“We were both so drugged up and out of it in those days, I can’t remember who said what to begin with. I can say, though, that many of my ideas became the basis for his works. Like I said, I have a lot of love for Steven, he was like a brother to me, but there wasn’t much of his work that you could ever have called original.”

“Is that why the two of you had so many ups and downs over the years?”

“Ups and downs is a kind way of putting it, yes,” Phillip laughed as he scooped up a handful of pretzels. “We had our moments of not seeing eye to eye, but then, I don’t think Steven saw eye to eye with anyone.”

Zinhle flipped over a page in her notebook, browsing it lightly before looking up at the old artist again. Phillip, now seemingly at ease and perhaps even enjoying the act of being interviewed, was staring out of the window, smiling slightly as he chewed.

“I wanted to speak about some of Steven’s most well-known works with you. See if you could shed some light on a few of them from the perspective of a close friend and collaborator.”

“Dish the dirt?” said Phillip through a mouthful of pretzels. “I can do that. Shoot.”

“Steven’s 2003 work It all cums down to this,” began Zinhle. “Many still view it as a powerful statement on creation, on sexuality and vulnerability, and how public art institutions prey on those elements of artists.”

“Yes.” Phillip dusted the crumbs from his hands and leaned back into the couch. “I remember the trouble that caused. Look, the truth is that Steven never really thought all that much about the work he did. He simply went out and did it, and you lot ended up placing meaning onto it. Steven never knew what the fuck he was doing.”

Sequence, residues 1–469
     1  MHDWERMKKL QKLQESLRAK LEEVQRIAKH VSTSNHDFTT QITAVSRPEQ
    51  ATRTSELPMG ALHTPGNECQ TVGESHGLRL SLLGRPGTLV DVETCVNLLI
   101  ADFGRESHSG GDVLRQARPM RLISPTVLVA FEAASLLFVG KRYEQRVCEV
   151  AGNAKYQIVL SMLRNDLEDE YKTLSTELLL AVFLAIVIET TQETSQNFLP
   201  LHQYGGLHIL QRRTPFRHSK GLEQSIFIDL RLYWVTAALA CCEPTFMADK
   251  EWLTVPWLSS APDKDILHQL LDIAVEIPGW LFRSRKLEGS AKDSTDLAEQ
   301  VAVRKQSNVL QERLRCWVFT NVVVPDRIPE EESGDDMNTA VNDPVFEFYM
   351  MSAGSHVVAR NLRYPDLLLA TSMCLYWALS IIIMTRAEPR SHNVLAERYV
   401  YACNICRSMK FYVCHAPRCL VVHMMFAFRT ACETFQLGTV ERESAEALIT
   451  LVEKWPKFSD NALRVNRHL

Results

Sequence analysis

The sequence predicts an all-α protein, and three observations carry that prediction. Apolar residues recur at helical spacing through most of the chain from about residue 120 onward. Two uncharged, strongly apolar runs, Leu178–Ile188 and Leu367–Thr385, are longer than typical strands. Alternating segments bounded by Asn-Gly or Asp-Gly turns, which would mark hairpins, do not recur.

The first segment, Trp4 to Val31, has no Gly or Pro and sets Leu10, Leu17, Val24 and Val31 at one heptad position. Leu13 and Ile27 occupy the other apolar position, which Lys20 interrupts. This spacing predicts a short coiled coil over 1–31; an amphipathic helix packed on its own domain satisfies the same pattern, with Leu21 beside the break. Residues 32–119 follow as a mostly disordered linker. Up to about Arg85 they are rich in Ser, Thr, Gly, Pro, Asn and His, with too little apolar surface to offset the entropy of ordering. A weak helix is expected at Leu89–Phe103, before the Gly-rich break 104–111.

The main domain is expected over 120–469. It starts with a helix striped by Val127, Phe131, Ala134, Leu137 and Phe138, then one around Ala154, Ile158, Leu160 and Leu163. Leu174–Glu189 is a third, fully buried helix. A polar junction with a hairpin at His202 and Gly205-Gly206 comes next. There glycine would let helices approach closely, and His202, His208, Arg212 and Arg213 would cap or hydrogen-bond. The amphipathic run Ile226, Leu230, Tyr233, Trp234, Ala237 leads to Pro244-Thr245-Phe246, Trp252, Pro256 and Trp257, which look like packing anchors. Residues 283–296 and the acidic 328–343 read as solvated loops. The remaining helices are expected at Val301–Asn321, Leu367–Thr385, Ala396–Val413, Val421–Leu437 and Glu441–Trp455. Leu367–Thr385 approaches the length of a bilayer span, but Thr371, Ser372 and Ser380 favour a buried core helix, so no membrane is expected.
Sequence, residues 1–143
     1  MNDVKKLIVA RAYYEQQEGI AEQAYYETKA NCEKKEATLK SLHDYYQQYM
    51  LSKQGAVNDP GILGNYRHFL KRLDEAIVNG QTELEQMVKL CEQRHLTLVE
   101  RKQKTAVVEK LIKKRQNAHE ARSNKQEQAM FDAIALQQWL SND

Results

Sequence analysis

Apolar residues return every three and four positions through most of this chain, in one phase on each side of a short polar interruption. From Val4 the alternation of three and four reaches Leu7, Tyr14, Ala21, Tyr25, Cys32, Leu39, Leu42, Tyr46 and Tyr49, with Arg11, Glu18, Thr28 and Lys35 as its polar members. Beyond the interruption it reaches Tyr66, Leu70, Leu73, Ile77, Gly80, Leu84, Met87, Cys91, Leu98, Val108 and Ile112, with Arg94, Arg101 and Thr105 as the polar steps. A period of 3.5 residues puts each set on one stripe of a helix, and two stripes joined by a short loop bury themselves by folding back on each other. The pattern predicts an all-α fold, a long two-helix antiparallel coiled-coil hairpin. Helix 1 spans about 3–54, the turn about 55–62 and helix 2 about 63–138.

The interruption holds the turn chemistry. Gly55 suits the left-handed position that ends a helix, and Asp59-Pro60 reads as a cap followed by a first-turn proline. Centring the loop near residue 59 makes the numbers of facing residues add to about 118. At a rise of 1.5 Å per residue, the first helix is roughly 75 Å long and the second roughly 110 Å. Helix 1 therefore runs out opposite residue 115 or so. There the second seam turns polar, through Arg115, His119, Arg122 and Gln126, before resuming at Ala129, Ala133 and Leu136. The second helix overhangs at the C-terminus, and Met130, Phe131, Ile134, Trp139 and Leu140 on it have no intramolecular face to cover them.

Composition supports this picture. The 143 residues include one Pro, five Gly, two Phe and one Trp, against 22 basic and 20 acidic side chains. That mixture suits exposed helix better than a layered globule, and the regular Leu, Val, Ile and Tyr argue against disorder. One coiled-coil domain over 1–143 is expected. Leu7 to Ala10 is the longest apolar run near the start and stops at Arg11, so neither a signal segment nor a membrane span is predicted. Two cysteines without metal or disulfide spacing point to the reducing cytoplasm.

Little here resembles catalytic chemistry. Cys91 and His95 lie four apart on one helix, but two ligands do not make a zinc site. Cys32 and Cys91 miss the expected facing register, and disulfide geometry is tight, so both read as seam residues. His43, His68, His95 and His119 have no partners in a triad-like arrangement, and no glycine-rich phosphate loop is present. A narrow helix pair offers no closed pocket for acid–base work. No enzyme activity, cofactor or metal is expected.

“Well that was simply his process wasn’t it?” said Zinhle. “You don’t just go out and do a public performance like that without some meaning and thought having gone into it?”

“He strolled into the Johannesburg Art Gallery, whipped out his cock and jacked off to an Irma Stern,” said Phillip as he rubbed a patch of thinning hair on his head. “I’m sure the old girl would’ve had a heart attack herself, but beyond that, there wasn’t anything radical about that performance. He was a straight, white Afrikaner from Pretoria for Christ’s sake. Pulling his cock out and coming over everything is what he was brought up to do.”

“So you’d say the same for his 2010 work, It’s Time?”